Lock-picking a simple lock is not all that difficult with the right tools, but more advanced locks, such as the ones Medeco develops for high-security applications (think government-grade), are designed with much more elaborated mechanisms to both be lock-pick-proof and also bump-proof. Bump picking is the process of bumping a lock while a custom key or pick is inserted. The first thing Matt and Marc demonstrated on stage was bump-picking Medeco M3 locks, successfully. Surprisingly, all it took to break into one was fifteen seconds and eight to fifteen bumps.
The problems evidenced here are obvious. Medeco (and others, I’m sure), boast about having the most secure locks in the world, and because of this, they are used all over the place, especially in high-security environments. But as evidenced on stage, even their “Bump Proof” locks could be opened with bump-picking… go figure.
As the testing and results progressed over the years, Medeco has shunned both Matt and Marc off, which is no surprise. But instead of fixing their locks, they simply choose to ignore the situation. There are of course locks out there that are very, very hard to pick, but it’s important to realize that certain locks might very-well be easy to break into. It pays to read up on that particular lock, and understand the results of lock-picking attempts.
After all, if an eleven-year-old can pick a lock with little effort, then those with the ability to mend their own keys or have intense knowledge of lock mechanics will have even less problem.
Alright, so Wikipedia isn’t entirely evil, but it can be thanks to ‘evil’ editors. The talk was presented by Virgil Griffith, who created the now ultra-popular WikiScanner, a web-application that has the ability to scan all of Wikipedia to find out which articles are being edited by which users/organizations, and who might be up to some shady business.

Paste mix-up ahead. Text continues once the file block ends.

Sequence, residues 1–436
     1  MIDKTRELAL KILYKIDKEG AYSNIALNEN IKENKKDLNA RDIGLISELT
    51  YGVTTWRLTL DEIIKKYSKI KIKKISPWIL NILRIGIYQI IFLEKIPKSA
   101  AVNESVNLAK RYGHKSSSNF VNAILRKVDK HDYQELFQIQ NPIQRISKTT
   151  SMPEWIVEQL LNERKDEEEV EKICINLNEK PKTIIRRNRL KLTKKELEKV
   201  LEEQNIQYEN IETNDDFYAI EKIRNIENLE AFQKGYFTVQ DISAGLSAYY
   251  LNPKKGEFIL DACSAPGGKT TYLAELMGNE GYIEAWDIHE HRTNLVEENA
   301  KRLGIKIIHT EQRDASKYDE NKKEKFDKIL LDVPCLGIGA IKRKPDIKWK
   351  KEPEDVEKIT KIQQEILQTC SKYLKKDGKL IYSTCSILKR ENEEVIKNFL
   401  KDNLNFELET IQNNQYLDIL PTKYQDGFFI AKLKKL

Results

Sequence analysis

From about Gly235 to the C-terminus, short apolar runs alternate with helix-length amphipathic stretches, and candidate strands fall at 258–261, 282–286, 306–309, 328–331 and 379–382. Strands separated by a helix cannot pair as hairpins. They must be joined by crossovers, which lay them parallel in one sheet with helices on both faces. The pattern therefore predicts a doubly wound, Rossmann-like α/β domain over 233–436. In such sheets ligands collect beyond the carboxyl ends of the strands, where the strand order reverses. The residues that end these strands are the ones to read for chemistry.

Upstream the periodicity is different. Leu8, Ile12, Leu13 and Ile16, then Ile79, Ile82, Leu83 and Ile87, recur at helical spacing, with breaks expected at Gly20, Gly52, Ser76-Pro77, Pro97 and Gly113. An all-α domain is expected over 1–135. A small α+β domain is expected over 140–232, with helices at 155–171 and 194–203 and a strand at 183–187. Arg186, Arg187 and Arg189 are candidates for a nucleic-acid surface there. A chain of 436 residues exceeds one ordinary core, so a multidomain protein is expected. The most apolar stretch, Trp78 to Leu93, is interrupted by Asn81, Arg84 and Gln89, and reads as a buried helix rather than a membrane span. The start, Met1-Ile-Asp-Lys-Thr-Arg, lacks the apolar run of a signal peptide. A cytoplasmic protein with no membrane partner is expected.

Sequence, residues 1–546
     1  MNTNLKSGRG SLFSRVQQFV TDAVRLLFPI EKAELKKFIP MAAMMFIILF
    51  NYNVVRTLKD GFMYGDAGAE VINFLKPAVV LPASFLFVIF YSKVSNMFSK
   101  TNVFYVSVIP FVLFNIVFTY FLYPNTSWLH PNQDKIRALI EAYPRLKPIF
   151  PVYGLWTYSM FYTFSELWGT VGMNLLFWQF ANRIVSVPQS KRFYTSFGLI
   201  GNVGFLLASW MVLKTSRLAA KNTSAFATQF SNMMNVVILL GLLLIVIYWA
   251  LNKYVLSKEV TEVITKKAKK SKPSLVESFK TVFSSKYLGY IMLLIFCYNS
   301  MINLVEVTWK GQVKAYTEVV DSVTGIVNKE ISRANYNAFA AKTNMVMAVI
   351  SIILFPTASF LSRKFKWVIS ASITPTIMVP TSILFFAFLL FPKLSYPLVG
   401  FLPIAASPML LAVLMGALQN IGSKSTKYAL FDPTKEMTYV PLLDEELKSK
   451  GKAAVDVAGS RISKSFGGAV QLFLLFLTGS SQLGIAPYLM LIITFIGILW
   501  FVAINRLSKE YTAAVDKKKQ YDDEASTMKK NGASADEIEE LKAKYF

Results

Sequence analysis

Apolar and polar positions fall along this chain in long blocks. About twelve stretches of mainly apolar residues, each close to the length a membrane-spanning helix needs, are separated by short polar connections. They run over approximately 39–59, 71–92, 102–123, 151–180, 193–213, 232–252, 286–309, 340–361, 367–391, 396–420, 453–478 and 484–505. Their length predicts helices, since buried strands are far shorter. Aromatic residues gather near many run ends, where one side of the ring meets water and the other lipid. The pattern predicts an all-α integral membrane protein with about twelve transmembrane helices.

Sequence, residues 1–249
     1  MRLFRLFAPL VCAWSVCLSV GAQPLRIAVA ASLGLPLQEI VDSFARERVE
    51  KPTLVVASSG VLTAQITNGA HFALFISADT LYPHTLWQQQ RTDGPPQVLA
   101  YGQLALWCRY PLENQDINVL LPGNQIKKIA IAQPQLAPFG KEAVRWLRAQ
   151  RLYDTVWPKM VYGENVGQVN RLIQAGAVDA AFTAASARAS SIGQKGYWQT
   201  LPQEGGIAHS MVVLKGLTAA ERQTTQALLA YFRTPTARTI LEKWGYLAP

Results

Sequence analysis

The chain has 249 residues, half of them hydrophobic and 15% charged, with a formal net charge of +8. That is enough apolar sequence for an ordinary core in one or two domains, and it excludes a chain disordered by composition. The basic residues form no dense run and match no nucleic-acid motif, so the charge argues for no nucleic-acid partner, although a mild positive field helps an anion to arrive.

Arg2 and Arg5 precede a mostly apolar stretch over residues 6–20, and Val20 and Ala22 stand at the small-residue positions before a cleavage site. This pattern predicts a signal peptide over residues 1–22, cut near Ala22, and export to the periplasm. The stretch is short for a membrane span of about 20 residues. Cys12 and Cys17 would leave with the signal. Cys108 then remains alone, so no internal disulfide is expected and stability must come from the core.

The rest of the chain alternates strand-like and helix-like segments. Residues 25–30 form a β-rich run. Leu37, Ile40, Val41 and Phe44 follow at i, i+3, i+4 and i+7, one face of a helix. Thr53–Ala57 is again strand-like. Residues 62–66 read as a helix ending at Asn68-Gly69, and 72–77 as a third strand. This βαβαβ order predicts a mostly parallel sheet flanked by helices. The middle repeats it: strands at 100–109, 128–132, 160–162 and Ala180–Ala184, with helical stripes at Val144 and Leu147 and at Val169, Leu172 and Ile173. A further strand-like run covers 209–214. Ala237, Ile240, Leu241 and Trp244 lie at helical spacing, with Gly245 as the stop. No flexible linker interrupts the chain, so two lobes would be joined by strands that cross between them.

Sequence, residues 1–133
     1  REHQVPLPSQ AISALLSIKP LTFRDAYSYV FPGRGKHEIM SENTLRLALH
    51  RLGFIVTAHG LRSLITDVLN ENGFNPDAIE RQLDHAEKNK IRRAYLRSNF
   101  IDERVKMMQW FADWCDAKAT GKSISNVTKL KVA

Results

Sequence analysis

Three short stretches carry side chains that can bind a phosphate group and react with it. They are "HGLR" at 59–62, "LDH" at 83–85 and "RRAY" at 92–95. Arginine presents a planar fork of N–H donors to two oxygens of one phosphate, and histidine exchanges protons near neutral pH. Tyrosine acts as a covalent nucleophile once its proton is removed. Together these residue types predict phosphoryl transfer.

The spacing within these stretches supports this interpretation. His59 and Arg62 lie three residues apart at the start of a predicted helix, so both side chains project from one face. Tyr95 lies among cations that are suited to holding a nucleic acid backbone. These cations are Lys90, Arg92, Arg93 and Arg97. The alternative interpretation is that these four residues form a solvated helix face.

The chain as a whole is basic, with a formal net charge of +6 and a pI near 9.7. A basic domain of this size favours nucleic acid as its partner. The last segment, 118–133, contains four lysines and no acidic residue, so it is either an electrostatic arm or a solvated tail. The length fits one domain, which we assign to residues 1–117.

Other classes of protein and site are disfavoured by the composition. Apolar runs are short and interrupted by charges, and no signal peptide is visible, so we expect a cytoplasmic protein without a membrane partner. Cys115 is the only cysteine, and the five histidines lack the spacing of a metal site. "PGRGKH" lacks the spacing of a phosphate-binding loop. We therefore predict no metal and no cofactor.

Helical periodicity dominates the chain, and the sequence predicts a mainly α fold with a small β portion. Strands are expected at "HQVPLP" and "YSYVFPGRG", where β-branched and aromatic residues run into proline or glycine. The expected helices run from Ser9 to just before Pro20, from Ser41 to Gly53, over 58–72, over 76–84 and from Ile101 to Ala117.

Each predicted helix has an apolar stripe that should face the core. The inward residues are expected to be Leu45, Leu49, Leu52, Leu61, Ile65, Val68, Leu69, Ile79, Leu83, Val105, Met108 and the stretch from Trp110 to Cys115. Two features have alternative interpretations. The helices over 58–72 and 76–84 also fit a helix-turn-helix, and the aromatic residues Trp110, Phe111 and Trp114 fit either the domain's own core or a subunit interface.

Who would ever edit in a wrong detail, you ask? Well, this goes far beyond the little brat who thinks it’s just hilarious to write ‘penis’ all over the Xbox 360 page. No, this focuses more on companies and corporations who actually a) have less-than-desirable truths about them that they don’t want the general public to know or b) falsify their entry to make the company or product appear better than it actually is.
It’s probably not much of a surprise, but this happens a LOT. There have even been ‘web wars’ where companies edit other (competitor) stories to make them look worse than they actually are. It’s hilarious really, but it’s also a real problem. With Virgil’s tools, all of which were shown off at the conference, we can all find out first-hand who is making the edits, exactly what they edited and potential reasons, and also view various trends. He went over so many different tools, that it’s hard to cover here in a small blurb, but it was very interesting to say the least. Stay tuned to his website for all current and upcoming tools.
Steven Levy is an American journalist who is very-well known in the hacking community thanks to his journalistic attention to the culture. His first book was called ‘Hackers: Heroes of the Computer Revolution’, which became hugely popular and also inspired many hackers out there. The most interesting thing about the book is that it was first published in 1984… before many of us even touched a computer. So in some regards, it was a bit ahead of its time.
His talk summarized mainly what the word ‘hacker’ means to him, and also what it’s become known as in the general media, something that I touched up on in this article’s introduction. When Levy first decided to tackle “Hackers”, he never even used a computer before. That would be like me wanting to write a book on quilts. So, he studied up, interviewed countless people and produced a legendary book. I’ve yet to read it personally, but his talk has inspired me to go pick up a copy.
Over the years, he’s also had the benefit of meeting numerous key people in the industry, such as Bill Gates, Steve Jobs and also Steve Wozniak, so he definitely knows a thing or two about both early and current hackers. His talk didn’t delve much into anything specific, but he relayed numerous experiences (such as locating Einstein’s brain) and I highly recommending checking it out if you can find it online, or through the 2600 store whenever the DVD’s are available.
Though it might come as a surprise to some, lock-picking exists as a serious hobby by many people world-wide. Groups exist where members meet up and discuss the latest locks on the market, various techniques, et cetera. If you are not a lock-picker (like me), then you might be interested to know just how easy it is nowadays to duplicate a key, as long as you have the original for a certain period of time, as proven by Barry Wels and Han Fey.
There are many companies that create high-security locks, such as Medeco (who I mentioned on the last page, and were picked on a lot during the conference for good reason), who claim their products are virtually unpickable (via pick, bumping), but it was proven before and again at HOPE that their keys are still very-much copyable, among almost every other popular key on the market.